Germany and Turkey have a positive meeting over migration
Turkey has long been cooperating with the EU on controlling migration flow and establishing quotas. Germany on Sept. 12 reaffirmed its commitment to the EU-Turkey refugee agreement, amid fears of another refugee wave due to the Syrian regime’s attacks in the northwestern region of Idlib. Speaking at a news conference in Berlin, German Foreign Minister Heiko Maas expressed concern over recent developments and an increasing number of crossings in the Aegean Sea in recent months. “I have discussed these issues in a phone call with my Turkish counterpart Çavuşoğlu this week. “I had once again highlighted that the EU would honour its commitments under the EU-Turkey refugee agreement,” he said, adding that he expected Turkey would also continue to honour its commitments. “It has been a very constructive discussion. So I believe that the situation will step by step calm down and normalize again,” he added. Last week Turkish President Recep Tayyip Erdoğan warned of a new potential refugee influx from the conflict-torn Idlib, Syria, and he urged the EU to take measures to share the burden. He underlined that Turkey might open the doors for refugees to cross to Europe if the EU would not share the burden. While this is continued cooperation between Turkey and the EU, Turkey’s renewed interest could signify another push to use cooperation on the migration issue to strengthen its bid to enter the EU.
Turkey calls on Brussels to remove EU bid difficulties:
This intent and call to join the EU were restarted towards the end of August, as Turkish Foreign Minister called on the European Union to help the country in removing difficulties it faces in its bid to join the 28-member bloc. “In the process of the EU, we always tell the EU that we should walk together and overcome any difficulties together. We can overcome technical barriers together, but we also need to overcome political barriers together,” state-run Anadolu news agency quoted Çavuşoğlu as saying during a meeting for the promotion of European Mobility Week 2019. The European Commission (EC), in its latest annual report on Turkey published in May, said Turkey had experienced considerable backsliding in the rule of law and the judiciary, fundamental rights, economic institutions, anti-corruption measures, media freedom and other areas. Furthermore, Turkey is looking to use its frustrations of recent migration policy as a bargaining chip, and there are voices in the EU who want to negotiate for this. In light of Turkish complaints about its 2016 refugee deal with the EU, the deal should be renegotiated, the Netherlands’ prime minister said on Sept. 6. “Turkey’s dissatisfaction about the implementations of the EU regarding the refugee deal should be renegotiated,” Mark Rutte told reporters at a news conference when asked about Turkish President Recep Tayyip Erdoğan’s remarks this week on refugees. Rutte stressed that the negotiations should be between the bloc and Turkey. While these negotiations will clearly be with the intent of solving the migration crisis, it should not be excluded that Turkey uses them to bring up their EU bid.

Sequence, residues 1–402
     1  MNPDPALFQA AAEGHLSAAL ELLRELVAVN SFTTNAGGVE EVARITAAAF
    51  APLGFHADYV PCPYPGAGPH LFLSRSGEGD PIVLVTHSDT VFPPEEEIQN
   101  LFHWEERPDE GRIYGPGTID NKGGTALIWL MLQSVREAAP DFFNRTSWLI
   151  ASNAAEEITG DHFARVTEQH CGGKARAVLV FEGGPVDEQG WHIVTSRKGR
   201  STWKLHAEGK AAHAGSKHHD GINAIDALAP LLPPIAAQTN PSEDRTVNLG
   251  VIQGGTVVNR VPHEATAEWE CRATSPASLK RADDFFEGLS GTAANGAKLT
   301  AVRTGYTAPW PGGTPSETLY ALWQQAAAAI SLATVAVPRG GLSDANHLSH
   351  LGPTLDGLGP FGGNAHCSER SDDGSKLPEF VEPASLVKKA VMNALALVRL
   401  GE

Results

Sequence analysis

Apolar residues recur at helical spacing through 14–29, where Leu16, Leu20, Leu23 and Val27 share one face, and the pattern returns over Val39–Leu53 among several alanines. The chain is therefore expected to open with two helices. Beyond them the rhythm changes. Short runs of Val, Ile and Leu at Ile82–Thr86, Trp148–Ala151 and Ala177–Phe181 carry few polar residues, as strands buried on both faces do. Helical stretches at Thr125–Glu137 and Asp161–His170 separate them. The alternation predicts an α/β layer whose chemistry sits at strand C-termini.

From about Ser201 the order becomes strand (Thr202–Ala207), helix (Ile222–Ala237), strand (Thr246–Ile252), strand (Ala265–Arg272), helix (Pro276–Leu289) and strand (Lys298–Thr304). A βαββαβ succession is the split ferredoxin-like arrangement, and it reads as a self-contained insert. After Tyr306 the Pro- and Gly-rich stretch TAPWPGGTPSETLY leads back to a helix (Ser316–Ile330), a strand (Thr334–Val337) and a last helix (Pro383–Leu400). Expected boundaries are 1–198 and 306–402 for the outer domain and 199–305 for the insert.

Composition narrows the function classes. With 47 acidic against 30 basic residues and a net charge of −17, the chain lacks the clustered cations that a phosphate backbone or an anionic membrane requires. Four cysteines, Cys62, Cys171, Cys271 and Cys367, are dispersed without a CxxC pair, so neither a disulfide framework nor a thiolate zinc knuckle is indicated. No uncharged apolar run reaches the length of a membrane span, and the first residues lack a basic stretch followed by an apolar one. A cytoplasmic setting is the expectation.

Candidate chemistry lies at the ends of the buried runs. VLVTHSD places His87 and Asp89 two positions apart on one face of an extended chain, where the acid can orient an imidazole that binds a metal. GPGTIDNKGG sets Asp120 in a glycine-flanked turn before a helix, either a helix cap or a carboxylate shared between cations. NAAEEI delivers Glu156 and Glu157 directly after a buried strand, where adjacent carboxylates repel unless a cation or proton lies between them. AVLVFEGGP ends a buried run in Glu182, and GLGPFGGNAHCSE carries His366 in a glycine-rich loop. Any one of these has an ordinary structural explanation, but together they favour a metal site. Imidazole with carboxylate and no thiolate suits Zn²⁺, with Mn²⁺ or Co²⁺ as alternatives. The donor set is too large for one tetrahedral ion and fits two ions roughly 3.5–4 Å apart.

No progress on EU bid despite Turkey’s persistence:
Despite Turkey’s persistence in its intent to join the EU and their renewed push in recent months, the EU appears persistent in their rejection of the possibility of accepting Turkey. European Commission president-elect Ursula von der Leyen on Tuesday told reporters in Brussels that Turkey has not made any progress towards possible future membership of the European Union. “As regards Turkey, I have not seen this progress in the last years. On the contrary, Turkey needs to show that it wants to be closer to European values, to European rules, the rule of law, liberty and fundamental values,” she said. Although this appears a strong statement, the severity of the upcoming migration crisis and Turkey’s crucial position in it could force the EU to change its stance, which is what Ankara is hoping for.